Horrific details of the disaster began to emerge on Thursday, as four people smugglers who are alleged to have organised Wednesday’s fatal crossing were placed in custody facing manslaughter charges.
Just two men escaped from the inflatable craft which mainly contained so far unidentified Iraqi Kurds and Somalians who had paid the equivalent of up to £6,000 each for a passage to England.
Very few of them were wearing life jackets, and most are thought to have succumbed to hypothermia in the extremely cold water.
Seven of the dead were women, including one expecting a baby, while three children were also among the deceased.
The survivors – one an Iraqi Kurd and another a Somalian – have indicated that a container ship collided with them, causing their flimsy boat to deflate, according to rescuers who were first on the scene.
Autopsies will take place in Lille “over the next few days”, said Carole Etienne, the city’s public prosecutor, who is leading a criminal enquiry into the tragedy.
Bernard Barron, president of the SNSM rescue service in Calais, spoke of “group murder” as he described how the “floating death trap” that was meant to contain a maximum of 10 people.
Mr Barron said: “Migrants are forced into the boat, and their feet are in water and fuel. These are unimaginable conditions.
“Often only women and children have life jackets, and these boats don’t have navigation lights or radar receivers.”
Charles Devos, also one of the first SNSM rescuers to reach the victims, said: “We’ve seen the boats becoming more and more overcrowded.
“The inflatables are only designed for 10 people, but more than 50 have been packed on board, turning them into floating death traps.
“We always thought that, one day or another, they were going to collide with a container ship or a ferry.”
The rescuers believe the boat left Loon-Plage, near Dunkirk, on Wednesday morning and collided with the container ship at the limit of French territorial waters.
The two men “made a miracle escape”, said Mr Devos, but their condition in hospital in Calais was said to be extremely serious.
Those arrested – whose names have not been released – are all men who were stopped as they fled towards the Belgium border on Wednesday night.
They are expected to appear before local magistrates this week for a fast track trial.
All are thought to be part of a criminal gang and they face charges of manslaughter and assistance with illegal immigration in an organised gang.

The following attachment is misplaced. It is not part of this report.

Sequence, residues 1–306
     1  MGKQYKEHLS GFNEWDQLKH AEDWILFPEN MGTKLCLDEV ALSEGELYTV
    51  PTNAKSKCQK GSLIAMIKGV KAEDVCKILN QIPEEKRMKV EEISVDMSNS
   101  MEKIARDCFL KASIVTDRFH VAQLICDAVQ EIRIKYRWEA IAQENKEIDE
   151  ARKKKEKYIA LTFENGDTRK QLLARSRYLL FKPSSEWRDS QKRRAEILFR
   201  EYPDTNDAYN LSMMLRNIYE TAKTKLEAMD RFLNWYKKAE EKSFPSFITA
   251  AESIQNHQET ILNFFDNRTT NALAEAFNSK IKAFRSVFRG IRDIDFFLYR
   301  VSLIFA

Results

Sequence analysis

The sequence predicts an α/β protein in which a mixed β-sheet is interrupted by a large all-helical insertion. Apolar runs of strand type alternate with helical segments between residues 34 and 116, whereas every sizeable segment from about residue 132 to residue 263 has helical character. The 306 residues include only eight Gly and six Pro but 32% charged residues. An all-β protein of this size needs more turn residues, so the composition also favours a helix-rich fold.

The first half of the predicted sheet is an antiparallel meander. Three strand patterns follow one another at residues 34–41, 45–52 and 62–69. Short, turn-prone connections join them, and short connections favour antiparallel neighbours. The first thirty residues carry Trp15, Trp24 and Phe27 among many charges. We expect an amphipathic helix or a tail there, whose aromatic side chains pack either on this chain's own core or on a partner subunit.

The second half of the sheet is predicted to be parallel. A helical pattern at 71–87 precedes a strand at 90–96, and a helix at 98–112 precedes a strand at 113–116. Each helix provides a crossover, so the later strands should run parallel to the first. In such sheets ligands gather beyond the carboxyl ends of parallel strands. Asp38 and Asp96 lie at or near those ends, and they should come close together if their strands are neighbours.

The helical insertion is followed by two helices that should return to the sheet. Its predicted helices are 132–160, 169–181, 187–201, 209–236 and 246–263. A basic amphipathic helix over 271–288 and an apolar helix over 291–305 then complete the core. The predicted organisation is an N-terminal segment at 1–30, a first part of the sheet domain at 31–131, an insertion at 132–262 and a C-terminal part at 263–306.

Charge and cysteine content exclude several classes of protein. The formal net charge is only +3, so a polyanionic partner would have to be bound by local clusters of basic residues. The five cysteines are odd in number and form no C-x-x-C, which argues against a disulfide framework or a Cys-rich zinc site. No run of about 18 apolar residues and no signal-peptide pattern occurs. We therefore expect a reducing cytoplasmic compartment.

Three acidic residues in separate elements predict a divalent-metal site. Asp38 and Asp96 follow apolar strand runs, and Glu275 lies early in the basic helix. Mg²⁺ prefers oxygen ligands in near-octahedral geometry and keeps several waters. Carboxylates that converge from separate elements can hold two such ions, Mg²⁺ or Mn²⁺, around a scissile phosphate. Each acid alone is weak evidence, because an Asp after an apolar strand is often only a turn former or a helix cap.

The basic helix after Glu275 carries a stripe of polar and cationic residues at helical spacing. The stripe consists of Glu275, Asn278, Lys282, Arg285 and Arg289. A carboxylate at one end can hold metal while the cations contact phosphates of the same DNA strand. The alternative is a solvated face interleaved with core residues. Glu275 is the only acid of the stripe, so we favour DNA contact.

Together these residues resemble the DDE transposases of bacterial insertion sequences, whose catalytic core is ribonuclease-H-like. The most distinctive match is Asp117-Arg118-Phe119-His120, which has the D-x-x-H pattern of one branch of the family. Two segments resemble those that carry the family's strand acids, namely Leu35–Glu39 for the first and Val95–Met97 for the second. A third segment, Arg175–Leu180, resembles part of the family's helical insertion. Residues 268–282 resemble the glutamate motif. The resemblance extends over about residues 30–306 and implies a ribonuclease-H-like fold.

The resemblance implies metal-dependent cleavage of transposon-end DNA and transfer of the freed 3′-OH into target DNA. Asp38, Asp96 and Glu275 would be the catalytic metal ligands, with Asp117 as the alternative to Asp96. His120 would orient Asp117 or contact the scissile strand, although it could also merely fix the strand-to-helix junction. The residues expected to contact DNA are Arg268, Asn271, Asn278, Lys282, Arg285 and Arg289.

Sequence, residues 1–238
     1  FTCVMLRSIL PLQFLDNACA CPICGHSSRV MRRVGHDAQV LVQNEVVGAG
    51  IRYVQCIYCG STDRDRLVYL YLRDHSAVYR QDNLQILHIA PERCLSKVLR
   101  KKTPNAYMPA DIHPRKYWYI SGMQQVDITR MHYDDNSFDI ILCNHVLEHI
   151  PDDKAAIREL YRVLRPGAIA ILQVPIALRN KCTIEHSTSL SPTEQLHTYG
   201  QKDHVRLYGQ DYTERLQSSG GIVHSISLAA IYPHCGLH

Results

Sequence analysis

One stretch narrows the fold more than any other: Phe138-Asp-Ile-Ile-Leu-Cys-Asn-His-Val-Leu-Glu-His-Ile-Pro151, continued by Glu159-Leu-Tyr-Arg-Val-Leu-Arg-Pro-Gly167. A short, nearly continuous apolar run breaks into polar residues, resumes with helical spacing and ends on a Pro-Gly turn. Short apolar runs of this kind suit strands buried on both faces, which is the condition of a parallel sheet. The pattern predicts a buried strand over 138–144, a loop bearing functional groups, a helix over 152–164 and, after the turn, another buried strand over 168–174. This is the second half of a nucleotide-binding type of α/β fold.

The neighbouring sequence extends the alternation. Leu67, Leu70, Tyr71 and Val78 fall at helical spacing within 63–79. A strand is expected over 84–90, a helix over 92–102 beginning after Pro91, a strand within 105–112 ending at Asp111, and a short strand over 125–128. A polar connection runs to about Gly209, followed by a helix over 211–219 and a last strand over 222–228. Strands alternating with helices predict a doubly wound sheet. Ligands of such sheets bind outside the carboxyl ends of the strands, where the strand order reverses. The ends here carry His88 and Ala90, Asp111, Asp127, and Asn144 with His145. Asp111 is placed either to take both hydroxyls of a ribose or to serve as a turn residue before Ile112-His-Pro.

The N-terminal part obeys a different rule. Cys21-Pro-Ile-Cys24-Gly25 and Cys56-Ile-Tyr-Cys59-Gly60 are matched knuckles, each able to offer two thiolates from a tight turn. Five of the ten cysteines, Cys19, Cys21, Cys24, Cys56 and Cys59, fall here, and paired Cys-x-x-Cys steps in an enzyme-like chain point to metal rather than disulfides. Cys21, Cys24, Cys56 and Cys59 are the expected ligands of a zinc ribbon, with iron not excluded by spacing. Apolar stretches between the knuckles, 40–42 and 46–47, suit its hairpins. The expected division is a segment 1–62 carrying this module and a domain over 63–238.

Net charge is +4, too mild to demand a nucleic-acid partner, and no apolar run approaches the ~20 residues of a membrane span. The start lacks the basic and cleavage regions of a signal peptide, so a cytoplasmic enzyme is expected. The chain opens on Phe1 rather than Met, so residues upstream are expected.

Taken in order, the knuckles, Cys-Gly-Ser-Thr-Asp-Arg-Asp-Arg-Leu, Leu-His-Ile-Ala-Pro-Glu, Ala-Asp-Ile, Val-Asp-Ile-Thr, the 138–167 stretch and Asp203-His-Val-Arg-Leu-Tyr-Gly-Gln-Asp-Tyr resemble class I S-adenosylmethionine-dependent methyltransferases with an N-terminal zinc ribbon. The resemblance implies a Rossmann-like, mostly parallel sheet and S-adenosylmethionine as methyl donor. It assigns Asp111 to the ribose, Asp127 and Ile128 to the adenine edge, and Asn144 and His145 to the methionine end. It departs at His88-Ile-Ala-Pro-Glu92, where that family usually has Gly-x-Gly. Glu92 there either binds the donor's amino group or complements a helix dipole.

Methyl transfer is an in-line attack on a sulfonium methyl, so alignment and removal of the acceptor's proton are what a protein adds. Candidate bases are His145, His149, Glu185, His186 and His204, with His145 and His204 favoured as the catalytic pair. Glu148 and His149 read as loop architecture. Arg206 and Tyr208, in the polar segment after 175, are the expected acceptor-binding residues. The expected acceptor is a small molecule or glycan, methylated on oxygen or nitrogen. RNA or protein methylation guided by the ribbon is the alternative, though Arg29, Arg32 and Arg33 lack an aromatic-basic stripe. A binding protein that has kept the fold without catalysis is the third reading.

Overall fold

Jean-Marc Puissesseau, president of the ports of Calais and Boulogne, also accused the smugglers of being murderers, saying: “The poor migrants spent months and months coming here, and died so close to their dream.”
The tragedy happened as migrants rushed to make the dangerous crossing ahead of winter storms which are expected to sweep in this weekend.
French Interior Minister Gerald Darmanin disclosed that 255 migrants reached the UK on Wednesday. He blamed the trafficking gangs taking people to Britain and promising them an “El Dorado” in the UK.
President Emmanuel Macron said France would not allow the Channel to become a ‘cemetery’.
Calling for an emergency meeting of European ministers, the French leader said: “It is Europe at its deepest level - humanism, respect for the dignity of each person, that is in mourning following the death of 31 migrants off the coast of Calais.”
He added that when migrants arrive on French shores with hopes of heading to Britain “it is already too late”.
And Natacha Bouchart, the Mayor of Calais, said: “I have been warning for weeks and months that this sort of tragedy was bound to happen.”
“I say that enough is enough,” Ms Bouchart said, as she accused Britain’s lax benefits system of encouraging immigration.
British Prime Minister Boris Johnson meanwhile accused France of failing to do enough to stop migrants from crossing the Channel.
He said that the gangsters smuggling people across the English Channel were “literally getting away with murder”.
Some 27,000 migrants have crossed the Channel this year and more than 4,000 have made the journey in November so-far.
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